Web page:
by Rail' Themed
Red Deer Downtown/Rail Yard District/Riverlands Redevelopment Proposal
'Moving People by Rail' Themed Community
Celebrating the City's Past as a Passenger Hub and
Showcasing the Future Potential of Moving People by Rail
94 years, the Canadian Pacific, and to a lesser extent Canadian
National, moved people in and out of Red Deer, from the earliest
passenger trains carrying immigrants in 1891, the troop trains of the
two world wars, the intercity Jubilee Chinooks of the mid-1930's until
the mid-1950's to the dayliners from the mid-1950's until 1985.
Cheap gas, the love affair with the automobile and regional to
international air service made passenger service unprofitable for the
railways and toward the end, the railway did everything in its power to
discourage passengers from using rail.
Times have changed -- gas is no longer cheap, people are developing a
greater awareness of the limitations and effects of fossil fuels, more
people are looking for transportation alternatives and there's a great
potential for the revival of rail as a people mover. The long-discussed
high speed rail linking Calgary-Red Deer-Edmonton and beyond is gaining
Major road corridors have created barriers for the free-flowing of
moving pedestrians and bicycles in and around downtown Red Deer, the
Cannery Row district and to the soon-to-be-redeveloped Riverlands area almost as much as the railway had done before it was
relocated to the west side of the city.
The Riverlands area itself is isolated from the rest of downtown
by the thoroughfare Taylor Drive and there is limited vehicle and
pedestrian access into the area.
This challenge, combined with the proposed concept of developing new themed
communities, creates an opportunity to showcase and celebrate the role of
rail travel both in the past and in the future as a means to move people effectively.
The Red Deer downtown has already embraced to some degree the importance
of the railway to the growth of the city.
The old railway station, the railway pedestrian bridge, the old Alberta Central Railway
bridge support along Taylor Drive and the water fountain splash park
already exist as part of the railway heritage. And a few miles away is
the 2nd largest steel Canadian Pacific railway bridge in Alberta crossing the Red Deer
Alexander Way already carries a railway theme that could be expanded
greatly to create a major tourist attraction while at the same time
showcase innovative ways of moving people by rail and moving people
effectively through the downtown area.
A type of tram or street car (heritage or modern), light rail passenger car or even monorail connecting the
existing downtown to the Riverlands area along Alexander Way and across
Taylor Drive, either at street level or overhead, provides an opportunity
to explore energy-efficient and environment-friendly transportation
options for moving people around, both as a tourist attraction and
A similar rail linkage people-mover system could ultimately be expanded
to other parts of Red Deer including Red Deer College, Westerner Park,
Bower Ponds and the future High Speed Rail Terminal. A special corridor
should be established dedicated to public transit and trails until a rail
line is feasible.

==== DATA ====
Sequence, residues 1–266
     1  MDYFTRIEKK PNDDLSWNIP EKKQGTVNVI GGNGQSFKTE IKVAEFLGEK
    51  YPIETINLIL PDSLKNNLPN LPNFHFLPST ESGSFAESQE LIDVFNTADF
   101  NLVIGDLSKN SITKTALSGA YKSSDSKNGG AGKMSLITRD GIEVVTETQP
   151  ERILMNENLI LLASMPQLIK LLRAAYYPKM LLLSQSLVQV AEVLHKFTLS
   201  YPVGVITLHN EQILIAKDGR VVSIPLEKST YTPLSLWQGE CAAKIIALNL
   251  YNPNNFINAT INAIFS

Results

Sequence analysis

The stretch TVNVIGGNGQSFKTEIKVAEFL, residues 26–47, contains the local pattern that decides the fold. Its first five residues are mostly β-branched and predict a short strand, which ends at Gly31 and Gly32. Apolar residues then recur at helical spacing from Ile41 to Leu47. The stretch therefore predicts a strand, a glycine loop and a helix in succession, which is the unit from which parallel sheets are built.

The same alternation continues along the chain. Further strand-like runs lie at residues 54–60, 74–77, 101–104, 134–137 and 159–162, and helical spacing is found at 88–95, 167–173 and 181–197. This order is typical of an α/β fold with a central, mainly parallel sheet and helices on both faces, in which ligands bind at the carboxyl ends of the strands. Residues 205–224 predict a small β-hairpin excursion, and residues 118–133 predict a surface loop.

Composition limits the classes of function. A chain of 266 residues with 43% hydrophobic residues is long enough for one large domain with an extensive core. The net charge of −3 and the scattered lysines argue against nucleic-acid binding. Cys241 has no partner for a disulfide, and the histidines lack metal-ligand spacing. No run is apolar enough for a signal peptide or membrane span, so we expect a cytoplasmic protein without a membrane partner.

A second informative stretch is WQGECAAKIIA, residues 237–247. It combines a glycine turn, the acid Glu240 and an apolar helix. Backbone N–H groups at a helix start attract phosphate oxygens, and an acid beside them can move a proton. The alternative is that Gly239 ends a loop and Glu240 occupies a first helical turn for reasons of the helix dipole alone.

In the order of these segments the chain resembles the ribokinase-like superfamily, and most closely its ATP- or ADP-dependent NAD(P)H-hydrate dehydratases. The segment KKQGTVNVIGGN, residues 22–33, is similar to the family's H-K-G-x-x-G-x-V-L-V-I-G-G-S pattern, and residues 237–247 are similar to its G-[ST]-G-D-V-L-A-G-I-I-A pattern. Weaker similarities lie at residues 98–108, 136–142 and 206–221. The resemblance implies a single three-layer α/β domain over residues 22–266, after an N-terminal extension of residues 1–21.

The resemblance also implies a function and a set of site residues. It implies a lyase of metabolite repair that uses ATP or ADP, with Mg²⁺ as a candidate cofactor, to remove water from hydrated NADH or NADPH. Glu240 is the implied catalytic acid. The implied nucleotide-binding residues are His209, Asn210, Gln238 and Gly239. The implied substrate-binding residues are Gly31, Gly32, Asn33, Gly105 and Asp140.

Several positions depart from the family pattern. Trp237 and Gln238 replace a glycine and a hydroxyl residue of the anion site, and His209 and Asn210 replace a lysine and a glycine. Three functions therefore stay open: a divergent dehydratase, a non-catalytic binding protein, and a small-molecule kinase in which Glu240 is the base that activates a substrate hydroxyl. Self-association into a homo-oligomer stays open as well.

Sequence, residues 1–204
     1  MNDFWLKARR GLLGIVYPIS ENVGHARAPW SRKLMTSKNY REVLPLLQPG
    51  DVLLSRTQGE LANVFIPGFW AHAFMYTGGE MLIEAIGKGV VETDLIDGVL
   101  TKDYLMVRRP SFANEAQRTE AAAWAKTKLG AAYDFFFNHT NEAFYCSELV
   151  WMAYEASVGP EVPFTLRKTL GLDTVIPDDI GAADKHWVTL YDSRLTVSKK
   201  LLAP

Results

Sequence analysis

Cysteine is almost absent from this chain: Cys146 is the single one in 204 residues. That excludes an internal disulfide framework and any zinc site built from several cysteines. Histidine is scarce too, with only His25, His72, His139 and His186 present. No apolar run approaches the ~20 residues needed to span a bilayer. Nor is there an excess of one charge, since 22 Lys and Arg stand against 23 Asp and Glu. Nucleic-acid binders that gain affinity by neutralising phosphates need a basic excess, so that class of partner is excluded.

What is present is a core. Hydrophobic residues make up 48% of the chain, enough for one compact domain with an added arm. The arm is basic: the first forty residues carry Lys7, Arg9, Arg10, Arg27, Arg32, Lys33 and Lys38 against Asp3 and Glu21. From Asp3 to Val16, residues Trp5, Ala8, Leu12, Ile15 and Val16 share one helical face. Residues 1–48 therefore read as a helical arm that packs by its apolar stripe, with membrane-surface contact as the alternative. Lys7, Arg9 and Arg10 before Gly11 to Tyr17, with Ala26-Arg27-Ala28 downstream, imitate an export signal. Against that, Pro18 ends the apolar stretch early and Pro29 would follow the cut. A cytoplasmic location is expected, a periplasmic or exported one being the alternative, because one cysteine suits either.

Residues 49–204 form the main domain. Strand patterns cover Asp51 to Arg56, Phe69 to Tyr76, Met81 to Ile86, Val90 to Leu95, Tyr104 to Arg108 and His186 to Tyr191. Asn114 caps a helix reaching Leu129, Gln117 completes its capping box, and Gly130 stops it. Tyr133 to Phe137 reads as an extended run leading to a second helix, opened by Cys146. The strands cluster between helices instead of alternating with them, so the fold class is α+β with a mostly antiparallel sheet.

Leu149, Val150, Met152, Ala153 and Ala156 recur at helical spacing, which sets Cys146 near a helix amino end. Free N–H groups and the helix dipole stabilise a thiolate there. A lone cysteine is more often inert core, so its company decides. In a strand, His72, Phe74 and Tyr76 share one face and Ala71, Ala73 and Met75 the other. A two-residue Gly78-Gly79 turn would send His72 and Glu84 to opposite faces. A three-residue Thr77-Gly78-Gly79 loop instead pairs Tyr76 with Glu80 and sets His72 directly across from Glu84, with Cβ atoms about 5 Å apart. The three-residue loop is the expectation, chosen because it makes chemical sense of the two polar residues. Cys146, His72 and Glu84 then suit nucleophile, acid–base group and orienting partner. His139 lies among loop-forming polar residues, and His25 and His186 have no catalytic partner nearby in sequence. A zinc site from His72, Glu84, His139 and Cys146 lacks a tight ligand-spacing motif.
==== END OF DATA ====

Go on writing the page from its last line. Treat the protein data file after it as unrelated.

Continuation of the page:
Such a system would permit high density housing in the downtown area of
Cannery Row (the proposed Rail Yard redevelopment district) while
providing access to a major
culture, arts and/or heritage centre in the Riverlands area without the
need to create an elaborate road network within the community.
Future rail corridors should be combined with walking and bicycle trails or
sidewalks for multi modes of travel that reduce our dependence on cars. A linear park system
with water features using captured stormwater as well as other highlight
features such as town squares, band shells, public art, gazebos and
gardens could punctuate the corridors.
Combined or separate interpretive centres could highlight both the past
and future of rail travel. One could feature the future potential of
eco-friendly rail travel while another could house scale models of
downtown Red Deer at different periods of its history with corresponding operating
A full-size rail museum would be possible, but as an alternative, original or full-size replicas of the passenger trains,
locomotives and other equipment that ran out of the Red Deer downtown, such as the
the Jubilee Chinook could be displayed throughout the rail-themed
community. Displays could also include future passenger concepts.
Children's parks could feature rail-themed rides and furniture.
The overall theme could be carried through the entire downtown area including
the east side of downtown in the vicinity of the museum/recreation
centre area where trains once roamed and today supports high density
The railway had a major impact on the development of Red Deer and its
downtown and is an integral part of the city's heritage. The opportunity
exists now to celebrate that heritage as part of a renewal of the
downtown and potential to create a major tourist attraction.
This proposal with several modifications and additions is now part
of the Forth Junction Project proposal for a major tourist and community
attractor for downtown Red Deer and Red Deer County developed by the
Heritage Society in 2009.
Background to Red Deer Downtown Redevelopment Proposal
The Alberta Central Heritage Model
Railway Heritage Preservation
in Central Alberta